Undercover gangster

Undercover gangster

Fourteen years ago, Charles Falco was facing a jail sentence of more than 20 years for manufacturing and distributing stimulant drug methamphetamine, when the San Bernardino County Sheriff's Department in California asked him if he wanted to be an undercover informant instead of going to prison. He said yes.

Right before infiltrating the gangs, he had actually heard about the grisly killing of a man whom gang members suspected of working undercover for the police.

"I heard that they beat him unconscious, duct-taped his eyes, mouth, feet and hands, dumped him in a hole they had dug in the desert, and shot him in the head," he tells Life! in a phone interview.

For seven years, the American infiltrated three of the deadliest biker gangs in the United States - the Vagos, Mongols and Outlaws - and helped in 62 arrests for crimes such as assault and murder.

His time in the Vagos biker gang is brought to life in docudrama series Gangland Undercover, based on his book Vagos, Mongols, And Outlaws: My Infiltration Of America's Deadliest Biker Gangs. In the show, which airs here on the History Channel (StarHub TV Channel 401), he is played by American actor Damon Runyan and appears at the start of each episode in a silhouetted interview to protect his identity.

Now, the reformed drug smuggler in his early 40s has attained a master's degree in criminal justice, and has guest-lectured at the University of California, Los Angeles (UCLA) for an anthropology class on the United States' gangs.

Charles Falco is also not his real name, and several online sources say that the man, who has a wife and a toddler son, used to be known as Ashley Wyatt.

1. Have you received threats from the gangs after this show aired?

The word on the street is that the gangs are really upset about the show and book, and will attack me if they find me. But I want society to know the truth about the bullies they are, and that there's no romantic notion about them being rebels without a cause. My family lives under new identities for protection.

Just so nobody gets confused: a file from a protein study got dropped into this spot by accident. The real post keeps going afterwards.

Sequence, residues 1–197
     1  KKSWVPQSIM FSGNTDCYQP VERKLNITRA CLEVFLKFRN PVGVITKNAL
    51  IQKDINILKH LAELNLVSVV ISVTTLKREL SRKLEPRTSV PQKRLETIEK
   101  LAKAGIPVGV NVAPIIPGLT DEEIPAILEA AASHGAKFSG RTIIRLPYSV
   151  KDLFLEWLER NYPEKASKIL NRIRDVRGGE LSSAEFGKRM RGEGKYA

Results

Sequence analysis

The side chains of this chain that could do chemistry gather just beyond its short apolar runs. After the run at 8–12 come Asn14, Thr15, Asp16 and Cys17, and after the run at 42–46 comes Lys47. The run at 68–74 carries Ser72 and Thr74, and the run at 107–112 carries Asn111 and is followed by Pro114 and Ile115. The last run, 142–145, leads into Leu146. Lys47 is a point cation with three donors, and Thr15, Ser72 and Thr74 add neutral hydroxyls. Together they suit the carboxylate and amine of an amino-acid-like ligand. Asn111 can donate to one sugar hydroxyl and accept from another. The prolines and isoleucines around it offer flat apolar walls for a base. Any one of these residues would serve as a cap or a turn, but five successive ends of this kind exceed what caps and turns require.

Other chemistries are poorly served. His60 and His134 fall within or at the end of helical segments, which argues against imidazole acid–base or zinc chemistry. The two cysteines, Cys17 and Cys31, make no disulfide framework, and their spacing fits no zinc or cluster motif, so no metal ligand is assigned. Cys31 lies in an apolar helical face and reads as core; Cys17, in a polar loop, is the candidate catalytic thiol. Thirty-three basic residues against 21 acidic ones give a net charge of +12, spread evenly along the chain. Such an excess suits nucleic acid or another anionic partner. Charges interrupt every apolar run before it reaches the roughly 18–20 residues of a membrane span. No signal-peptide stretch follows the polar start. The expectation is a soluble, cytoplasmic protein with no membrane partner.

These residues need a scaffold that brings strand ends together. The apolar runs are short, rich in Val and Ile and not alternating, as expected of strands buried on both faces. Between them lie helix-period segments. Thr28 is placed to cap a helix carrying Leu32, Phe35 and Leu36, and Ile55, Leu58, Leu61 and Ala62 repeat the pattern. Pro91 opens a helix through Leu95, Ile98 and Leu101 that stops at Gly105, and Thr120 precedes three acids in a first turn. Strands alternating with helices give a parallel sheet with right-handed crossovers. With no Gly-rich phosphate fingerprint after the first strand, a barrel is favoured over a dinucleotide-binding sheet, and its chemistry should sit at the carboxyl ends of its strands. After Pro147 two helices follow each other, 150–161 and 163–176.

2. What are your thoughts on the show?

I was blown away by how accurately the actors portrayed the emotions that run high in biker gangs.

3. What were some of the times when you feared for your life while in the gangs?

I had been instructed to record the contents of the Vagos' weekly meetings, held at secluded places.

They're very suspicious of people, so they would do body searches - even strip-searches. Some of the most frightening times were when my voice recorder was almost found. There was no doubt in my mind that they'd bury me in the desert upon discovering it. I put it in my wallet, in my hat or even underwear, as that was the least likely place they would look.

4. Did you develop a bond with the people you were supposed to help the police arrest?

I think it's impossible not to. Although I tried to keep my distance, there were some guys that reminded me of myself.

However, deep down, I knew that being jailed was best for them. If not, they would probably die of drug overdoses or be killed on the streets. Also, more guys dropped out of gangs because they got sick of going to prison than any other reason.

5. How did you fall into drug smuggling?

I grew up around drug dealers and gang members. Having been a good drug dealer, I caught the eyes of some very powerful Eastern European mobsters, who recruited me. However, I eventually hit rock bottom after getting addicted to the drugs I was dealing in. That happens to every drug dealer, no matter how high up they are on the totem pole.

6. Why did you have to serve time in San Bernadino's Murder Unit?

In California, the law states that you can be charged if you're together with gang members who'd killed someone, even if you did not participate.

Once, six gang members beat up two college guys and the police, who happened to be staking out bars then, came in and arrested us all.

I didn't want to tell the prosecutor that I was working undercover, as such information could be leaked.

That jail is nicknamed Gladiator School, as the prisoners there are very violent. I was there for two months - six days of which were spent in solitary confinement.

7. What was a typical day for you like in the biker gangs?

It was a lot of organised crime - we'd do things like deciding on how to stop other biker gangs from invading our territory, go on stakeouts, collect debts and strategise how to increase our drug sales.

Probably once a week, the gang would get into a fist fight at a bar or hack a civilian to death for disrespecting them. It's lots of repeated stuff, and a few seconds of massive terror in the middle.

It was really tiring when I was part of the Vagos, as I was holding a physically intensive day job at a factory and then going out to bars with the gang till about 3am.

Later, I asked that the authorities pay me enough so that I wouldn't have to work when I infiltrated the Mongols and Outlaws.

8. How would you like to be remembered?

As having done more positive works for society than damage to it. I hope people truly believe that I redeemed myself and made a difference.

sarahgyx@sph.com.sg

Gangland Undercover airs on History Channel (StarHub TV Channel 401), on Friday at 11pm.


This article was first published on March 30, 2015.
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